Baisakhi is one of the most energetic, full of life and vivacious festivals of all in India. It rings in the harvesting festival and is of prime importance to the farmers. Rabi crops across Punjab and Haryana are harvested on this day. It is in fact the spring harvest festival for Hindus. Not just that, Baisakhi holds a high significance amongst the Sikh community.
Baisakh month, after which this festival is named, is the first month of the Hindu calendar. Baisakhi falls on April 13 every year and on April 14 once in 36 years, as per the solar calendar. This year, it falls on April 14.
For the rest of India, this festival is very special for the vibrant festive fervour it suffuses. Bhangra, makke ki roti, sarso da saag- this is one festival which invariably tempts everyone to participate! Such is the energetic vibe of this particular culture that you naturally feel like grooving to its beats.
According to Sikhism, it was on this day in 1699 that Guru Gobind Singh, their 10th guru, founded the Khalsa Panth. Guru Gobind Singhji formed the first batch of his disciples comprising five people and named them Singhs, and administered ‘amrit’ to them. This group formed the martial community and also aimed at eliminating inequality in the society.
Baisakhi is celebrated as Rongali Bihu in Assam, Naba Barsha in Bengal, Puthandu in Tamil Nadu, Pooram Vishu in Kerala and Vaishakha in Bihar.
Baisakhi has an added significance in Hinduism, it was on this day in 1875 that Arya Samaj was founded.
In the villages of Punjab and Haryana, the atmosphere reverberates with vigour and energy. People shout ‘Jatta aayi Baisakhi’ and break into the traditional Bhangra and gidda on folk songs and to the beats of dhol.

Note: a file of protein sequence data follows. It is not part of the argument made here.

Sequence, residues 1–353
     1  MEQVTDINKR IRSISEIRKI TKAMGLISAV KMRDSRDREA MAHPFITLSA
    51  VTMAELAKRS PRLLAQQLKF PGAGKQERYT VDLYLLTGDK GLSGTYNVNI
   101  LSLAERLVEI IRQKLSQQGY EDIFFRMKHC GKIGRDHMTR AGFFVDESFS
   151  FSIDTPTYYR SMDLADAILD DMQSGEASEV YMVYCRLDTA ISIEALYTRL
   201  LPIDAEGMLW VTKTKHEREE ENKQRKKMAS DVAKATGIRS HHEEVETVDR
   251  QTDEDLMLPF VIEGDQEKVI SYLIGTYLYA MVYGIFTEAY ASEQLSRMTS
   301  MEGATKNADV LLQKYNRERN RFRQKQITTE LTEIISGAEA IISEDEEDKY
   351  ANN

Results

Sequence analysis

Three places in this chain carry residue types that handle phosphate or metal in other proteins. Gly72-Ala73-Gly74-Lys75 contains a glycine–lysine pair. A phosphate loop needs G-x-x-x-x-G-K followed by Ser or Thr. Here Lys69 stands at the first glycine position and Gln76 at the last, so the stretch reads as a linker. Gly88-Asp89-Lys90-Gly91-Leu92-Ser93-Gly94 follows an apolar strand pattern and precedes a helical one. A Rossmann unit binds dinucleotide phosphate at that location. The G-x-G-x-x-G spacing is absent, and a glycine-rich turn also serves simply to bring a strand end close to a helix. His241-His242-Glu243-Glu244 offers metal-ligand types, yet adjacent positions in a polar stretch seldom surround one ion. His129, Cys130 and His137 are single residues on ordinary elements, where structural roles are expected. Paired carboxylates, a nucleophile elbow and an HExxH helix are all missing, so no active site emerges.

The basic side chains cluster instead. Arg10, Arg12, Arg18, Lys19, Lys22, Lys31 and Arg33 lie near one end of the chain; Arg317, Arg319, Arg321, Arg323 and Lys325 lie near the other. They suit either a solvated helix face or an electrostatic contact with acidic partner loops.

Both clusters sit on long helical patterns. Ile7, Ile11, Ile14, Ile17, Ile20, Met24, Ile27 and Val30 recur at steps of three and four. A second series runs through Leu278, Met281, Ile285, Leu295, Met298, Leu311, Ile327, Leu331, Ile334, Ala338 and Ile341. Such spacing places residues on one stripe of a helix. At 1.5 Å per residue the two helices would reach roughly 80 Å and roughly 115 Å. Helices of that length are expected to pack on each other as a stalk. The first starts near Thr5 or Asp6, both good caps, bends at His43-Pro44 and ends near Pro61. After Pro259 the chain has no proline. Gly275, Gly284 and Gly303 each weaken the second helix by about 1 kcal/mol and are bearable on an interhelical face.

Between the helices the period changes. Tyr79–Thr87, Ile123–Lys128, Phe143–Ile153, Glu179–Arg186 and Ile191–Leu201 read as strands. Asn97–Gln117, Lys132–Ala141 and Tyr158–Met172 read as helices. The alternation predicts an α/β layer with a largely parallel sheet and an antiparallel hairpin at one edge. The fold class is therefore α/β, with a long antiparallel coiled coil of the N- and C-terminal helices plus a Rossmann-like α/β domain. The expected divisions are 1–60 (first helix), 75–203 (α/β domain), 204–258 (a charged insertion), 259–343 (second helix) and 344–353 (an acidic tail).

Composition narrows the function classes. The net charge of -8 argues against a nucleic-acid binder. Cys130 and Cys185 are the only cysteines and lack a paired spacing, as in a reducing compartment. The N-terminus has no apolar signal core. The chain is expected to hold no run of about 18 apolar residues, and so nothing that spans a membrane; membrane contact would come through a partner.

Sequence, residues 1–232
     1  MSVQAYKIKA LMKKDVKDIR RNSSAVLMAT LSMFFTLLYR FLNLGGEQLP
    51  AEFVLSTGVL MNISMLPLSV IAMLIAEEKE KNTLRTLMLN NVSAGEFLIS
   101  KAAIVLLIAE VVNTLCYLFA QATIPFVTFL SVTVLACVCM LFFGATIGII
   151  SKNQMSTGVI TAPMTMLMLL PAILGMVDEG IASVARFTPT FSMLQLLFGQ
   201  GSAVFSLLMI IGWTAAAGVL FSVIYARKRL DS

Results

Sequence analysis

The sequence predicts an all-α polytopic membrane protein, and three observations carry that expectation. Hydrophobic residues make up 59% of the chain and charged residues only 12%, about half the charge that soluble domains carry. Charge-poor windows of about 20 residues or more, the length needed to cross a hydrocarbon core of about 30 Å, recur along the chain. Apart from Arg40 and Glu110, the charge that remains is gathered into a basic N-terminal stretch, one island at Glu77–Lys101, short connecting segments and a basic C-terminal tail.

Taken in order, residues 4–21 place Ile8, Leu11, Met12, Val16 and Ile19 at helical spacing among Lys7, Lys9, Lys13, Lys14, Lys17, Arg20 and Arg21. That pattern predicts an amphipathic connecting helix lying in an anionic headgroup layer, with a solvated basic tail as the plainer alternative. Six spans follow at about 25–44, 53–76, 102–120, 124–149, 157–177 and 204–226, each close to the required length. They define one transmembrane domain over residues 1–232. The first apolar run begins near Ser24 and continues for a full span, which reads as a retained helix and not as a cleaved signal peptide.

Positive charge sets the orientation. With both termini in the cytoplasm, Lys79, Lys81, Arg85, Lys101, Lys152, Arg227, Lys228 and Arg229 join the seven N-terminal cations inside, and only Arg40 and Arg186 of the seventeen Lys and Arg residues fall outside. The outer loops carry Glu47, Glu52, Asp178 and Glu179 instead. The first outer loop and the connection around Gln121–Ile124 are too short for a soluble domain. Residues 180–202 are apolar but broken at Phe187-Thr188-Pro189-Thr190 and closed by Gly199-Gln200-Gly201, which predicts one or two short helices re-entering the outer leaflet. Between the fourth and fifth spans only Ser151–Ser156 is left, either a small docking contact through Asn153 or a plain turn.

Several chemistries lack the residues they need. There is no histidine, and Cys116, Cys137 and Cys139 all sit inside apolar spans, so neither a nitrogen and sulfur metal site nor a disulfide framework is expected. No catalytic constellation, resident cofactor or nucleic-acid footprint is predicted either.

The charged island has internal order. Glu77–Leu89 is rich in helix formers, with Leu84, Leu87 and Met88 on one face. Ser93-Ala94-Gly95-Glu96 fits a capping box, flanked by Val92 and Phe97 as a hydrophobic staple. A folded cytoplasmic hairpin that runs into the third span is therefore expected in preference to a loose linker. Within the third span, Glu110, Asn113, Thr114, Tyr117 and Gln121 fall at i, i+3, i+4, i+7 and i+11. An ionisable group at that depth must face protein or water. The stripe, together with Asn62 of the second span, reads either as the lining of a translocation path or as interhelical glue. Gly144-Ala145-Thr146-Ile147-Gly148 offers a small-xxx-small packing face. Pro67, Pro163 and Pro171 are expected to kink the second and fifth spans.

The farmers take an early bath and then visit the Gurdwara to thank the God and pray for yet another blessed and prosperous year. Ardas and shabad kirtans take place inside the gurdwaras and Kada Prasad is then distributed among the devotees. Later on, a special Baisakhi langar is laid where the community sits together and relishes the sumptuous meal.
At lot of places in Punjab, special Baisakhi Melas arte hosted and people throng in large numbers with absolute enthusiasm. Spectacular wrestling, acrobatic, malkham, Bhangra, gidda and singing programs are organised in these melas.
The celebrations at the golden Temple in Amritsar are at crescendo and a must to participate in to bask in the true zeal of this festival.
The Sikhs also carry out processions specially assembled for Baisakhi called Nagar Kirtan under the leadership pf Panj Piaras. The bands in these processions play melodious tunes and the religious bhakti songs.
People make it a point to visit each other and greet them with homemade delicacies and mithai.
Baisakhi and the bursting Yellow Hues
Baisakhi is the harvesting festival and also the onset of spring festival. The fields abound in mustard flowers, especially in Punjab and Haryana where this festival is celebrated with utmost gusto. So that’s how the color yellow became synonymous with the festival of Baisakhi. Also, yellow also happens to be the color of spring.
Delicacies on Baisakhi
Plenty of delectable, scrumptious food items are prepared on this day, especially in Punjabi and Sikh households. However, there are a few signature dishes that are must preparation on this day.
Meethe Chawal, Kadhi and Kheer are some items you’ll find in every Sikh house on the day of Baisakhi. The meethe chawal are traditionally called Kesari chawal and are made with generous amounts of saffron to infuse a lovely yellow color to them, just like the happy fields during Baisakhi.
The traditional Kheer too has added amounts of kesar to it and is decorated beautifully with dry fruits and cardamom.
Punjabi kadhi has a lovely flavour of spices and is to die for, if you ask us1 this too is yellow in color. Basically, these signature food dishes directly reflect the happy feel of this high-spirited and dynamic festival!
Peachmode wishes you all a very happy, delightful Baisakhi, bubbling with happy colors of joy and prosperity! To get you more into this festival fervour, we are listing some festive wear ethnic wear for you. You can also browse through our curated festive collection.